The Confidence Spectrum

The Confidence Spectrum

The Confidence Spectrum is a model I created to help me understand the varying forms of confidence. We will all know of people who have more confidence than their ability, and also those who doubt themselves despite having outstanding success.

The Confidence Spectrum
The Confidence Spectrum 3

Confidence is not the absence of fear, but rather the belief that you can overcome it. It’s easy to see confidence as a black and white spectrum where some people are confident while others lack confidence. In reality, there is a much more complex spectrum with many different degrees of confidence ranging from complete certainty to crippling doubt. The key to understanding the complexities of this spectrum lies in recognizing how each person struggles with their own unique fears and challenges which determine where they fall on this gradient from overconfident to doubtful.

On one side of the spectrum, we see people whose belief in their ability is significantly greater than their actual ability. This is perhaps an element of Dunning Kruger. On the other side we see people who doubt their ability and lack belief this is often known as Imposter Syndrome. In the middle is the real goal that perfect alignment of belief and ability resulting in genuine confidence.

What is Dunning Kruger?

Dunning Kruger is on the far left of the Confidence Spectrum where the person’s belief in themselves is far greater than their abilities.

“Have you ever met someone, they are so confident in their knowledge of the topic that you feel like they must be an expert? Have you ever met someone who thinks everything is about them? Have you ever met someone who cannot see how uninformed they are on a particular subject matter?” “The Dunning Kruger Effect helps explain these behaviours.” “In 1999 two psychologists, David Dunning and Justin Kruger published a paper exploring why some people lack insight into their own incompetence. The paper was called Unskilled and Unaware of It: How Difficulties in Recognizing One’s Own Incompetence Lead to Inflated Self-Assessments.” You can find out more here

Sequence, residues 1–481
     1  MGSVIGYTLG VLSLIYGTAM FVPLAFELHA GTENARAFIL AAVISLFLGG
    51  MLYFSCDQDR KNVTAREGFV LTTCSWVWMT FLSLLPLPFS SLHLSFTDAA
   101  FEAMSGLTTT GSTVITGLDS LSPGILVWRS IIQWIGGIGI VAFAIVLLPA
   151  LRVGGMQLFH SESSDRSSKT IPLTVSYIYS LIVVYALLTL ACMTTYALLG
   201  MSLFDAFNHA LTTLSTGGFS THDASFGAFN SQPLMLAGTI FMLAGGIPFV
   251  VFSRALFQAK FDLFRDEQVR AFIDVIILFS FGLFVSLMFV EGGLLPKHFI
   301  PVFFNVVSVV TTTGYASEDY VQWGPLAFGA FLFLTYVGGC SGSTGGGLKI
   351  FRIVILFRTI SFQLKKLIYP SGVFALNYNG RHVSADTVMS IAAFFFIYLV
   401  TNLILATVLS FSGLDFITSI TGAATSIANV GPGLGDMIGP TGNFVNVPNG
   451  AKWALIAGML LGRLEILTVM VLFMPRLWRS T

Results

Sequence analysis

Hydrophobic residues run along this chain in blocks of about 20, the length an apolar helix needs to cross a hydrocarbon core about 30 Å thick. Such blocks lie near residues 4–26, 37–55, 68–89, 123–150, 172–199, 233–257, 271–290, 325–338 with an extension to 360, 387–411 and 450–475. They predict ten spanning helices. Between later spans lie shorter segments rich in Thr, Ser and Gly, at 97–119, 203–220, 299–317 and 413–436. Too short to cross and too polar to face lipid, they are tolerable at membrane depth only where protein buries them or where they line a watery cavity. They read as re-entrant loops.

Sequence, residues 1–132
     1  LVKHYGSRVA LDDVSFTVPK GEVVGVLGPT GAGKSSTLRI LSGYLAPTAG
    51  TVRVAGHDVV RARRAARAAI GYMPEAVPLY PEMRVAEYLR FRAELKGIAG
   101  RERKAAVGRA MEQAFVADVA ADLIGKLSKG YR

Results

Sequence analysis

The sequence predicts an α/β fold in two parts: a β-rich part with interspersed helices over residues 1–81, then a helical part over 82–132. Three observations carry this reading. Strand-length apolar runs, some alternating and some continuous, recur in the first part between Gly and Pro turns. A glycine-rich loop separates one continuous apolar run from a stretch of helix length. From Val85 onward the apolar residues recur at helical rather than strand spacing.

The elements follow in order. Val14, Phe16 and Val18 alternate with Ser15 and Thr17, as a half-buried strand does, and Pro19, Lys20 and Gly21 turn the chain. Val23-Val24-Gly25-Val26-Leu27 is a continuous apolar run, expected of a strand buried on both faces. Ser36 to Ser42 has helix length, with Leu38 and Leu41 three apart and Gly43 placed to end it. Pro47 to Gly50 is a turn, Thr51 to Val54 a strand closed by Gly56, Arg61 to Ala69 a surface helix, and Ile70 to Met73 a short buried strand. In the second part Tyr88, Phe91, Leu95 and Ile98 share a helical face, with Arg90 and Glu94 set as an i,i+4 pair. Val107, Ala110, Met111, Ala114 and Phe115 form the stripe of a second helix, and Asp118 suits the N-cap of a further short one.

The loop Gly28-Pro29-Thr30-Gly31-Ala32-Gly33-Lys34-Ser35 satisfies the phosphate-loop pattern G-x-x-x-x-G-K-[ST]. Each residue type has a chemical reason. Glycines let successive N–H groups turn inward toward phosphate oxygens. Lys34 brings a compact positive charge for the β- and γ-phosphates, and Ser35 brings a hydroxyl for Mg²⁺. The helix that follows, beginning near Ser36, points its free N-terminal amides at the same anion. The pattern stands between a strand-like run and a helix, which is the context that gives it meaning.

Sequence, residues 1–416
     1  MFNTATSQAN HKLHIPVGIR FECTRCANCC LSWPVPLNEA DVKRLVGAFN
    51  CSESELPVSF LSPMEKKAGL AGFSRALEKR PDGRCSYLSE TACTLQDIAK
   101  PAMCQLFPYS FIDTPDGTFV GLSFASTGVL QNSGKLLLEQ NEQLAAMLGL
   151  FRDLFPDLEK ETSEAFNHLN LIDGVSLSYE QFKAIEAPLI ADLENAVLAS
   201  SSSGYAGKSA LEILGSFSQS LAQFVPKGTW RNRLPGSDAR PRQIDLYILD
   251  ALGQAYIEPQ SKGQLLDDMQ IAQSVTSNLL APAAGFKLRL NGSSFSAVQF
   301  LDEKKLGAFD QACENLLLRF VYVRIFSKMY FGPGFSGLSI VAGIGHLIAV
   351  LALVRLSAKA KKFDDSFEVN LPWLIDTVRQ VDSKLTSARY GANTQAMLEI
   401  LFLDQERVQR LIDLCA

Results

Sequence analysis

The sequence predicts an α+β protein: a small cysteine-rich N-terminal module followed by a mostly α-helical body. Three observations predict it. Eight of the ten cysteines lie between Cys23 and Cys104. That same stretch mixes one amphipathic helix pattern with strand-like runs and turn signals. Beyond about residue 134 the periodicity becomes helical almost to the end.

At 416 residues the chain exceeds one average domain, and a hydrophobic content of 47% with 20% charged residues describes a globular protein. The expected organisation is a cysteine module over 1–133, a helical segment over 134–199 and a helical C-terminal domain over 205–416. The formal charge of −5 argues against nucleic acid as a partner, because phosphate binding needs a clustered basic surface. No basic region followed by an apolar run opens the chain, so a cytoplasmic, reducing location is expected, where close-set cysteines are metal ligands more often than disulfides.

What is Imposter Syndrome?

Imposter Syndrome is on the far right of the Confidence Spectrum where the person’s belief is significantly lower than their abilities. Imposter Syndrome is a feeling that you are not good enough, smart enough, or talented enough. It was coined by psychologists Pauline Rose Clance and Suzanne Imes in 1978 and it’s something many people struggle with today. It can be paralyzing for those who have it and lead to thoughts of quitting your job or giving up on your dream. You can find more information here

What is Genuine Confidence?

Genuine Confidence if the holy grail, it is in the centre of the Confidence Spectrum and is that complete alignment between what you believe you can do and what you are able to do. It comes from within, where you trust yourself wholeheartedly. People who are confident know their worth and don’t feel the need to prove themselves. They’re brave enough to be vulnerable without fear of judgment, and they can ask for help when they need it. That’s what confidence is all about: feeling good in your own skin and being comfortable with yourself
Confidence starts from within, but it also has a lot to do with how we view ourselves in relation to others around us. It’s important that we nurture our self-esteem by surrounding ourselves with people who believe in us and support us no matter what life throws at us – or else we risk losing sight of our true potential.”

Where are you on the spectrum?

Understanding where you are on the confidence spectrum is the first step. It is worth noting that it can be situational for example if I am giving a speech I tend to be over to the right and my inner imposter kicks in, but if I am making my daughter beans on Toast I am in the middle, I trust I can do it.

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